I thought I was going to start this post with a witty remark regarding the film’s use of repetitiveness to excellent overall effect, but then the movie ended and, by that time, much of the excellence had drained. Kuroneko is a gorgeous film–Shindo uses theatrical lighting effects for ghostly emphasis, which really works–and for a while it seemed like the writing was going to catch up. The film starts incredibly slow and doesn’t encourage much interest for the first forty minutes because of all that repetition. The scenes are different, but the same… They’re meant to show the passage of time in purely expositional narrative. In some ways, it’s a neat trick for adapting a short story (and I’m surprised Kuroneko doesn’t have that base), but it tries the viewer’s patience. Shindo is asking for advance with every repeat and then, at the end, when he comes up short, it hurts the film. It’s amazing too how he’ll come so close and he won’t make it. Instead of giving a solid narrative, he wants a haunting ending to the film. He could have had a haunting ending too… but he ended the film about thirty seconds early. In some cases, it’d be frustrating, but with something like Kuroneko, which constantly takes the “unbelievable character response” fork in the road, I no longer had my hopes up.
The other major issue with Kuroneko, and it’s probably my issue, is the lack of scariness. It’s a horror movie. Regardless of setting, Shindo’s fine composition, camera moves, and lighting techniques, his script follows many horror movie conventions. Lousy unresolved endings being the predominant feature of horror films. I’m just wondering whether or not a Japanese horror film, set in the pre-urban era, is something I could find frightening. It’s not my culture, it’s not a place where the uncanny would make it different because it’s already different. I kept waiting for Kuroneko to work, but I found I couldn’t traverse the historical, foreign barrier into the film. It might not be me, though. When Kuroneko‘s characters are acting ludicrously to milk another fifteen minutes in running time, their being in this samurai era Japan is essential for the viewer to remember, because as people–with real emotions–their actions don’t work. Only if one takes their culture into account, can disbelief at the littlest things be suspended. Unfortunately, a lot of Kuroneko ends up hinging on special effects and makeup. The special effects are good. The makeup’s overboard. It’s literal instead of discreet… even when it’s trying to be discreet.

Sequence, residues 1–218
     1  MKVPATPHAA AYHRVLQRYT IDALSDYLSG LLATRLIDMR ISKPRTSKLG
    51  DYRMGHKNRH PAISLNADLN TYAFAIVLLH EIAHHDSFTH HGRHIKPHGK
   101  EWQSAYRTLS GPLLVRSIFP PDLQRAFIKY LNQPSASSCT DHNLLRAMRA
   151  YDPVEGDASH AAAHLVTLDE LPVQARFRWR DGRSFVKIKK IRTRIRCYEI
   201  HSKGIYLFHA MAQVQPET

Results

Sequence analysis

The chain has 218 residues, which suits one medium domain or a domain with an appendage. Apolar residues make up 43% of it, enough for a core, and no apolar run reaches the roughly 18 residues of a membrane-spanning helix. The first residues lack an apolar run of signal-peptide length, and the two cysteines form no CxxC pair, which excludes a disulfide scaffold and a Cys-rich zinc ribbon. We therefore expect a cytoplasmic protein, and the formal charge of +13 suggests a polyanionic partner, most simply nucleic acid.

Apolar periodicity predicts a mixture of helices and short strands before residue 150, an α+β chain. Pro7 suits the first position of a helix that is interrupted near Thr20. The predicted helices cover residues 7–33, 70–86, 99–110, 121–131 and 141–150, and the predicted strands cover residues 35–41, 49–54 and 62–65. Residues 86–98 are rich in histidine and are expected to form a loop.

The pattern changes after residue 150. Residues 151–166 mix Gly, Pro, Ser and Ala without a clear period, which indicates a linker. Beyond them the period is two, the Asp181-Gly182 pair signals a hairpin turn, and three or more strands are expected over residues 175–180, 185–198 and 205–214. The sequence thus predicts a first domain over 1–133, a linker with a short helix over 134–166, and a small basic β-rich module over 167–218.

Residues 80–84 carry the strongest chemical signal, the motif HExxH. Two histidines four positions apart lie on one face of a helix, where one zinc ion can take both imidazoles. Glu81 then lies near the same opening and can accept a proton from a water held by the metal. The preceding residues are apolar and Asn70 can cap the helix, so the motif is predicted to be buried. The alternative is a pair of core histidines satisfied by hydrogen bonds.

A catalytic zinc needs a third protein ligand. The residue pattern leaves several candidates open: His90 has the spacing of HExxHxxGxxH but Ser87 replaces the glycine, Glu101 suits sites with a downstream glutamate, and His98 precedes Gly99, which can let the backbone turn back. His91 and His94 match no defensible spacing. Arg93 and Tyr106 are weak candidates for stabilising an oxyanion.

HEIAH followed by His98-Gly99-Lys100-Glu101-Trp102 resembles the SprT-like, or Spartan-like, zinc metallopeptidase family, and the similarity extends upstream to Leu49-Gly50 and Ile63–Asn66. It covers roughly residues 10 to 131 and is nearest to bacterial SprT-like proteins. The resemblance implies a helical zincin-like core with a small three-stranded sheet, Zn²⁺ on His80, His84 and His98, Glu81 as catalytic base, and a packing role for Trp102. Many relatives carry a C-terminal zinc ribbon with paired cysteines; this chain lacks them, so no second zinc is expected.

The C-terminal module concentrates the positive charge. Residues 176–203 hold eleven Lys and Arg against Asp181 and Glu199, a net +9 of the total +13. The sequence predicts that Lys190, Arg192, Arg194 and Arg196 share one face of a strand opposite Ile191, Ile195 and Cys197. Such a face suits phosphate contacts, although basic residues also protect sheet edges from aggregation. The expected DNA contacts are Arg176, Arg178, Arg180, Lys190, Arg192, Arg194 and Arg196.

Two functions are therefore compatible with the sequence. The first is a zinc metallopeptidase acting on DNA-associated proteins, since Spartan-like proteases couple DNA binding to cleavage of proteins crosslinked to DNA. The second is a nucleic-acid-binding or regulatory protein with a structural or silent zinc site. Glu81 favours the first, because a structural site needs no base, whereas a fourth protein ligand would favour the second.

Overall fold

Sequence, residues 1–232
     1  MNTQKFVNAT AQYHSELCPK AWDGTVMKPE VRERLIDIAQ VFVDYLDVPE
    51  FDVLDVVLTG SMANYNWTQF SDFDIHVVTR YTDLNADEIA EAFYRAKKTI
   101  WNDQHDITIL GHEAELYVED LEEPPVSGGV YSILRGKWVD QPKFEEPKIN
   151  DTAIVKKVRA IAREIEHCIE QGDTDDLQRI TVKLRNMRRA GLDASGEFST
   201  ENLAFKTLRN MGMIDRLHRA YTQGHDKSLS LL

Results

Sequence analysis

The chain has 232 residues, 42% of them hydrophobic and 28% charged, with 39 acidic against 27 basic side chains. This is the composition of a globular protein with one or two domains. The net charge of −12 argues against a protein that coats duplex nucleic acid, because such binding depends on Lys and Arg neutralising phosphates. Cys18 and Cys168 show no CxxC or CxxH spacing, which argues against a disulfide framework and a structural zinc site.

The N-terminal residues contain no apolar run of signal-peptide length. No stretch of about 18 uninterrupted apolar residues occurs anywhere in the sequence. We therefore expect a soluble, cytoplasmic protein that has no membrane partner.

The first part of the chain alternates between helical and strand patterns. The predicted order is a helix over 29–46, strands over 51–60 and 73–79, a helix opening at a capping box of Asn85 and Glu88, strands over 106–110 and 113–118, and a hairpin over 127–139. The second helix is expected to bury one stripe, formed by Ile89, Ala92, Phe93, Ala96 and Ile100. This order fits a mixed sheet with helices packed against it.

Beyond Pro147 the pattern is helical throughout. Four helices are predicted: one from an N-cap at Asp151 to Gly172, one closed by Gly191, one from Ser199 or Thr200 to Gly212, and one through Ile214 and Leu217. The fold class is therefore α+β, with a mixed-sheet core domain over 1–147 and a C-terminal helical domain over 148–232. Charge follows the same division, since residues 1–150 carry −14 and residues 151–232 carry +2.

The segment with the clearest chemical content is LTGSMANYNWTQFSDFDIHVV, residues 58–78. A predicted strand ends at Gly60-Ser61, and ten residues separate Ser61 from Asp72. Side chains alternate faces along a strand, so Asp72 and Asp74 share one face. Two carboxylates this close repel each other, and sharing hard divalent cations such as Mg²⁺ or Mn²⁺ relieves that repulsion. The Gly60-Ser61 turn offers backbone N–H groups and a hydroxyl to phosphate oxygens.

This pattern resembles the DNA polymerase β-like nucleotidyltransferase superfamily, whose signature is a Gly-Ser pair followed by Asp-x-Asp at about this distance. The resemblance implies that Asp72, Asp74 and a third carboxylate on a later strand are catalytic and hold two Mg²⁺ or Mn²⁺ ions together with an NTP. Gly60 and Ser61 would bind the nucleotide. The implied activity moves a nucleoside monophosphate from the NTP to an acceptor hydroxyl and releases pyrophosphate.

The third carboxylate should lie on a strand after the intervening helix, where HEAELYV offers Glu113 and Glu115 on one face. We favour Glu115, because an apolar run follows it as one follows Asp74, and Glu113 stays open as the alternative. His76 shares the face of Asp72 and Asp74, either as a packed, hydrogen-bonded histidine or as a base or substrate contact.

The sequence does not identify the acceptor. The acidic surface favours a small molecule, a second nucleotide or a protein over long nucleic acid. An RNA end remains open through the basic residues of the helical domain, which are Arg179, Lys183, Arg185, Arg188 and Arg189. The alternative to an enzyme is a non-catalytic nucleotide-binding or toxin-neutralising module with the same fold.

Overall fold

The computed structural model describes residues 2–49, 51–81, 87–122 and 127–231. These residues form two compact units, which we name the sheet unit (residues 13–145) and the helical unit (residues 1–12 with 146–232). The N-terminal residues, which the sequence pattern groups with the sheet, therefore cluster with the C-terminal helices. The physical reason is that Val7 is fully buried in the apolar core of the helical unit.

The performances are fine. Otowa Nobuko is particularly excellent, since her character gets to emote the most. Nakamura Kichiemon is all right–his scenes with Taichi Kiwako are great–but his character flops around is much, it’s not like his performance was going to be anything more. They all manage to keep a straight-face, which is impressive, given just how theatrical some of the lighting gets. It’s usually pushing at the “too much” line.
I guess it’s a disappointment, not because of the long first act (thirty-five minutes of ninety-four), but because of the promising second. I really don’t like being able to chop a film up with acts so easily, but Kuroneko practically has title cards to signal them. Really good sound design. Forgot about the sound design… excellent sound design.
Written and directed by Shindo Kanetô; director of photography, Kuroda Kiyomi; edited by Enoki Hisao; music by Hayashi Hikaru; produced by Shinsha Nichiei; released by Toho Company Ltd.
Starring Nakamura Kichiemon (Gintoki), Otowa Nobuko (Yone), Taichi Kiwako (Shige), Sato Kei (Raiko), Tonoyama Taiji (a farmer), Toura Rokko (a samurai) and Kanze Hideo (Mikado).